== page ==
We decided to have our tour on the day we checked out of the resort. Since our flight was at four in the afternoon, we have six hours to spare to see the sights around Bohol.
First on our agenda was a visit to the Bohol Bee Farm to buy treats for family back home. An uncle of ours believes that aside from sightseeing and taking in all the good scenery a place has to offer, we tourists have the obligation to help the local community by purchasing their products. My cousin Mark went on a shopping binge upon learning that Bohol Bee Farm employs and supports the community, and loaded our basket with muffins, honey butter, two tubs of honey, shirts, and those cute peanut kisses in fancy red plastic sachets. Word of advice, if visiting the farm, trust me when I say that their honey ice cream is the best I have ever tasted bar none. Not cloyingly sweet yet creamy and delicious, this to me is the nectar of the gods indeed!
Next stop is the famous Bilar man-made forest which is a dead ringer of the Arashiyama Bamboo Forest in Japan. Props to the community for developing this enclave both as a tourist destination and sanctuary that protects flora and fauna. On hindsight, Ms. Gina Lopez is right, there is money in responsible eco-tourism! and sadly, this reality is something alien to our elected officials on account that some of them are beholden to their benefactor. This kind of patronage should stop once and for all!
The 2013 Earthquake in Bohol destroyed several places of historic value, in particular, the churches of Loon, Loboc, Maribojoc and Clarin were leveled to the ground along with the houses in Loon, Tubigon and parts of the Chocolate Hills national park. Thankfully the church in Baclayon is still standing despite the heavily damaged facade and belfry. Today, the church is undergoing renovation and retrofitting.
Truth be told, I am really not sure how an edifice made of limestone can stand another strong earthquake? but I leave it to the experts who are trying to preserve not only places of faith but culture and heritage as well. Before leaving, I prayed to Holy Mary, asking her to protect not only this church of hers, but the Boholanos, kind and gentle people they are.
Much as I want to write about the Tarsier conservation reserves, I declined since we were just there for a good fifteen minutes as it started to drizzle. Besides, I really do not want to add another constraint on the lovely tarsiers whose I am sure is so pissed with all the commotion in their area.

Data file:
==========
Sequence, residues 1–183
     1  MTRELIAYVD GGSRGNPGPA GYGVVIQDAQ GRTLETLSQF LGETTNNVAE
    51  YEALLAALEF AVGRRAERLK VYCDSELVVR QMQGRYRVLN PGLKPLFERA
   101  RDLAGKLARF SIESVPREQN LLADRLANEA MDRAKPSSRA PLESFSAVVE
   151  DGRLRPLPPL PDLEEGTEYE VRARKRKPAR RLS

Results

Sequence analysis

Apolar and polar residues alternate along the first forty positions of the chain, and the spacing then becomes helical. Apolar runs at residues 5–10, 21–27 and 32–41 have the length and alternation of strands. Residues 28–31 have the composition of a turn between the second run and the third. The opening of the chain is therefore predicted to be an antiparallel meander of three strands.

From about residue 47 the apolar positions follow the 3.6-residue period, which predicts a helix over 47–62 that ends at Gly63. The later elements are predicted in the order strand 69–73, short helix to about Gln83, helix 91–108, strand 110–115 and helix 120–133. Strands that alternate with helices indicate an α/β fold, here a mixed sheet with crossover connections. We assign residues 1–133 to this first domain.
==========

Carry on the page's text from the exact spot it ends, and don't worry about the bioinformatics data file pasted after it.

Instead, I marveled at the beauty that is the chocolate hills whose entire surface is lush green at that time – and I prefer the hills teeming with grass and plants than brown and denuded, matter of fact.
In places like the Chocolate Hills or the Loboc River that are picturesque, a picture for posterity would be nice. But it will be more meaningful a visit if we live the present moment by absorbing all the good vibes these places has to give. So if anyone is reading this article and you find yourself in Bohol, I suggest that you put down that camera of yours and fold that annoying monopod.
For a moment enjoy this gift and let it replenish your tired body…
Breath in some fresh air and let it clean your lungs from all the accumulated carbon pollution from the city….
Clear your head of those deadlines and work related stuff that adds unnecessary pressure and stress and for a moment, feast your eyes on the tranquility before you and let your soul rest.
For this is your “me time” and you need to enjoy it so as when you come back to the city, you are recharged. And when your overall wellness is renewed, you can hurdle anything that comes your way, and you can look forward to another furlough in the near future.
Live, people! live!